SVF: A lot of it was made. Everything was shipped in from Texas. I shopped a lot of estate sales. I wanted everything to be real and to feel real. The gas lanterns are custom designed from Charleston.
JJD: Do you see other cool spaces coming to Jersey City?
SVF: I have and I think it’s great what you’re doing. There’s a niche here with things to capture. I love the re-doing of an entire brownstone building. I gravitate towards the things that are waiting to be done, the fixer uppers if you will. The diamonds in the rough.
JJD: So, this was your 1st restaurant project. Were you interested in doing other restaurants?
SVF: Absolutely, it was a blast! Were doing the rooftop now. It’s a great challenge. You want to satisfy a large group of people so that drives your process. Hospitality is ingrained in me. No matter who you are you are accommodated in the South. Even the chairs are more comfortable. I hated the thought of having something that wasn’t soft or comfortable. And I don’t like to look at ugly things. You’d be surprised how much that affects you. If you don’t like where you are, how that affects your psyche.
JJD: Because you want people to stay…
SVF: Imagine if you’re at home. If you’re a good host you make sure people are comfortable.
JJD: Do you find it’s challenging to translate the softness and homey feel of the indoors to the outside?
SVF: Not really. When you imagine creating for a residential space indoor or outdoor, you still need seating, you still need to be able to dine.
JJD: What are your favorite things about the space, and what would you have done differently, if anything?
SVF: I love this herringbone brick and how it extends into the floor plan. I wanted an extension of the outside. I carried that over at the service bar. A lot of people don’t know but I hand painted this front bar. There are a lot of frescos in the South, that’s a big deal. This wood piece in the center is actually a head board. I had a smaller design budget for this space but I couldn’t compromise. You shouldn’t ever compromise your design and your style because of budget because there are creative ways to achieve it. The colored glass above the bars are actually old department store doors. The only thing I would probably do differently…hmm..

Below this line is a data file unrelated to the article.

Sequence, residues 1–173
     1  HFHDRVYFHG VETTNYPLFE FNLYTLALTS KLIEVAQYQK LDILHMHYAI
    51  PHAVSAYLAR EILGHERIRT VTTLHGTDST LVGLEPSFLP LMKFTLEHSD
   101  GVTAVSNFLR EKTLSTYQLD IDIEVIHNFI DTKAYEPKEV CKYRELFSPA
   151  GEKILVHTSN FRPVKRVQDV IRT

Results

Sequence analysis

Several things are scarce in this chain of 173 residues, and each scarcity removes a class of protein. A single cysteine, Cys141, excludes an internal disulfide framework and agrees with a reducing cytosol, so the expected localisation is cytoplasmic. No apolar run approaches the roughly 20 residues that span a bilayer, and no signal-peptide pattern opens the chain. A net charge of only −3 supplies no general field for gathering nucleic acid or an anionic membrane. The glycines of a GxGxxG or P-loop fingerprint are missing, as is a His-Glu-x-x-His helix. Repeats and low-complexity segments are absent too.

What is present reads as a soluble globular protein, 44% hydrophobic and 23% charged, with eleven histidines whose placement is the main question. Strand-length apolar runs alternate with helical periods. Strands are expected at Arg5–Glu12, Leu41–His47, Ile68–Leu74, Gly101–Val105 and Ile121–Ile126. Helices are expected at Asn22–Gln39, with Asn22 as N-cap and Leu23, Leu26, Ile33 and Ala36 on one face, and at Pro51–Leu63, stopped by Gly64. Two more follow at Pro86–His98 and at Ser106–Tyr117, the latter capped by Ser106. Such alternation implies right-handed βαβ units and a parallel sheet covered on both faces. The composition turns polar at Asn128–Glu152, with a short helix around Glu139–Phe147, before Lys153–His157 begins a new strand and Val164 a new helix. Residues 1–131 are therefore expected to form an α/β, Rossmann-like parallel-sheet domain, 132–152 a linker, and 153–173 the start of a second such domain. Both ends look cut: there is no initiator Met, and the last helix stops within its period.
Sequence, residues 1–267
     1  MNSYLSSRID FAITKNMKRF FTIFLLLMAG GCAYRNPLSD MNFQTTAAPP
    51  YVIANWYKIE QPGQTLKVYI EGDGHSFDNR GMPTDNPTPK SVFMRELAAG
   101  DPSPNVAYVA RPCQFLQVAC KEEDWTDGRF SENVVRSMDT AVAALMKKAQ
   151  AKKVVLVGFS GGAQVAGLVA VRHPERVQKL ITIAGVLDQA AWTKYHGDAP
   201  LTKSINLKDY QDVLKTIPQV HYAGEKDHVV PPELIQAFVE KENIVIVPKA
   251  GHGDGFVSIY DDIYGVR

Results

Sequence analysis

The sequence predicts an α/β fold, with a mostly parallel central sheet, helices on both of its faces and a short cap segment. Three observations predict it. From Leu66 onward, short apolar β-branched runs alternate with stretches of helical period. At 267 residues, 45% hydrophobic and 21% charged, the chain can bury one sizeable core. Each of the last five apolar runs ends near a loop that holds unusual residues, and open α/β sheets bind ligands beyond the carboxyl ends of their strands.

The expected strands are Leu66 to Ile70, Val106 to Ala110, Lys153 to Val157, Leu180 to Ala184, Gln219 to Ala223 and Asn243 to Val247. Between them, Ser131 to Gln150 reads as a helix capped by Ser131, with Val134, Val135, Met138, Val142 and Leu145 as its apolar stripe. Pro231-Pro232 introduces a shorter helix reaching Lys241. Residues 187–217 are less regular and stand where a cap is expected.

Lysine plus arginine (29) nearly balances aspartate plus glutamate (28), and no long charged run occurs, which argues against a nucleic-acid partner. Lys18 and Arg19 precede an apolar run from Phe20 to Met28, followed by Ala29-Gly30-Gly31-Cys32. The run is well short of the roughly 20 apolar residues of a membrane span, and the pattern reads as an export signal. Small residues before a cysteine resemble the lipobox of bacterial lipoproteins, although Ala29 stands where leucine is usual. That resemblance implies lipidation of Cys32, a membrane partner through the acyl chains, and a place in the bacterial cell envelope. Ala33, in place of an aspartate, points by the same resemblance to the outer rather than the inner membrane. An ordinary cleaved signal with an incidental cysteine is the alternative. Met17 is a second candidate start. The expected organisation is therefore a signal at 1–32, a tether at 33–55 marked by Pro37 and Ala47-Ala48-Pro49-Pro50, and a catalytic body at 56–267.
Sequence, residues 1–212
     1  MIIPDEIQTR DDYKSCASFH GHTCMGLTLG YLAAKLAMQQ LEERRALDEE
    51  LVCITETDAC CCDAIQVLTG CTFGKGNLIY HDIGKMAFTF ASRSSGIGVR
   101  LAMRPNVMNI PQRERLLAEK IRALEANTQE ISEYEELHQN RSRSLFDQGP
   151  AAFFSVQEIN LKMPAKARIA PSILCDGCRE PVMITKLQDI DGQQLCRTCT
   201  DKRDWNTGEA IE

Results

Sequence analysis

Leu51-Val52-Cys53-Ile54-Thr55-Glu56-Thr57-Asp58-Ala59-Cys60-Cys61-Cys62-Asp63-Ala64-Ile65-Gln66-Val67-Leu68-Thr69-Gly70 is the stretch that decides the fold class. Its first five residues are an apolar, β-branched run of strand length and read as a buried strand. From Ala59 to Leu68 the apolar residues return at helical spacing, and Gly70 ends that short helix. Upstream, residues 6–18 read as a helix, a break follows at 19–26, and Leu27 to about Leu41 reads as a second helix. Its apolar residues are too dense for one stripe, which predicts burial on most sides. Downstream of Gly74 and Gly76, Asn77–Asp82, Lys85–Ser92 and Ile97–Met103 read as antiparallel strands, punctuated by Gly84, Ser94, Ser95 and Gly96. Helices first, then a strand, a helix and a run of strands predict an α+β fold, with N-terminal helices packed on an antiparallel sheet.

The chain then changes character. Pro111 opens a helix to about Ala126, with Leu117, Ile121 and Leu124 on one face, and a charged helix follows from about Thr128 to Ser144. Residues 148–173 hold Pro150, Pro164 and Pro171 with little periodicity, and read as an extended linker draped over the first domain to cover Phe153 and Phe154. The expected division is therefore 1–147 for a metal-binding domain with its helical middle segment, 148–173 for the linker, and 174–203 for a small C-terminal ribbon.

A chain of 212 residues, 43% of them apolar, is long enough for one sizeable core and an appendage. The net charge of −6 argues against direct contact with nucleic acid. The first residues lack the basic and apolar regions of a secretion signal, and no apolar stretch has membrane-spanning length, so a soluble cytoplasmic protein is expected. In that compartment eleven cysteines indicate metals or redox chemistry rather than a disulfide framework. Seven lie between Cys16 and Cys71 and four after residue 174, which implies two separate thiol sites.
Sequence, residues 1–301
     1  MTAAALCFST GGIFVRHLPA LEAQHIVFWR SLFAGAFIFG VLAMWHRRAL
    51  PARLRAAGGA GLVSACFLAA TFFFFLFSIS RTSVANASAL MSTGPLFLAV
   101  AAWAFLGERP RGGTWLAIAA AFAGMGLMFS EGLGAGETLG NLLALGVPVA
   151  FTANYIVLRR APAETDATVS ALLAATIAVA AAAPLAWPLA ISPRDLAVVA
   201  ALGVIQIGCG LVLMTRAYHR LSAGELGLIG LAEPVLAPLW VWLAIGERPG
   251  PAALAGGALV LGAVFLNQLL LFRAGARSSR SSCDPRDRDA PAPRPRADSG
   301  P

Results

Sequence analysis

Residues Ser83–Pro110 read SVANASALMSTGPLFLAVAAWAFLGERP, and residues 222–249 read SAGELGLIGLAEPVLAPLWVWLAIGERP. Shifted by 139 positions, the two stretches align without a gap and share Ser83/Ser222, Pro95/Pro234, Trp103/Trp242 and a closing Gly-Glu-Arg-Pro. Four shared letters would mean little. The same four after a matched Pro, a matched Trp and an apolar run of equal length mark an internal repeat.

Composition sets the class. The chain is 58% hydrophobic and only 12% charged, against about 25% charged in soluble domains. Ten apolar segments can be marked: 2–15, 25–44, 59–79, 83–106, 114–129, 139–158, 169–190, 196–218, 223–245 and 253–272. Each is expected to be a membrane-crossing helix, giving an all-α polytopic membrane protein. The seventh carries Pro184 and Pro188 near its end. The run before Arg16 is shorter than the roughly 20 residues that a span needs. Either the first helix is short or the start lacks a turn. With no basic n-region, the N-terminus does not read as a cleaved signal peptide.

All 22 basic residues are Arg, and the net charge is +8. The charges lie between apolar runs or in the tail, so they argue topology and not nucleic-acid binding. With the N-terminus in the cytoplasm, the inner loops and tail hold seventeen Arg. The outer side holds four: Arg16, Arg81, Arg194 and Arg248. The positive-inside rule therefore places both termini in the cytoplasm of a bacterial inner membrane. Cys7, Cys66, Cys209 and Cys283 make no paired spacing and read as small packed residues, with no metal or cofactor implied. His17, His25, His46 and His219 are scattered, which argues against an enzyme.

JJD: You did such an amazing job in here you can’t think of anything!
SVF: No it’s just if I don’t like something I’m going to get rid of it immediately.
JJD: Tell me about that “Southern porch”.
SVF: The plates you wouldn’t normally see outside but I did that because it brings in that restaurant feel. You see a lot of that in the South. Usually in the spring I’ll have hanging plants. The fountain – I think it’s important to have the earth elements. At night we have a ton of candles – that’s the fire. For the life element, we always have flowers on the table. The seating is actually a church pew.
JJD: Your thoughts on the design in Jersey City?
SVF: I love the murals. Shawn Edwards “PAWN” did the mural on the back of our building.
JJD: Oh, and I’m sure you’ve noticed all of the other murals as well!
SVF: I think the art is a great feature. It gives validity to a community. If it’s cheap enough for artists to come in and live, they transform a city. Then tastemakers come in and appreciate those certain things and start elevating that community. Everything gets better. And for my brother and SOUTH HOUSE, if other restaurants do well around us then the community is better, and where we are does better, and everybody wins.
JJD: Well, you are all a part of that!
SVF: I know it’s so cool! We’re very excited.
JJD: So what’s next?
SVF: The rooftop!
JJD: So, I’ll be back?
SVF: Oh yes, you need to come back for the rooftop. It’s going to be spectacular.
Visit SOUTH HOUSE on Newark Avenue, 7 days a week. The rooftop opens July 2016!
[gmap height=”250px”]149 Newark Ave, Jersey City, NJ 07302[/gmap]
South House – 149 Newark Ave, Jersey City, NJ 07302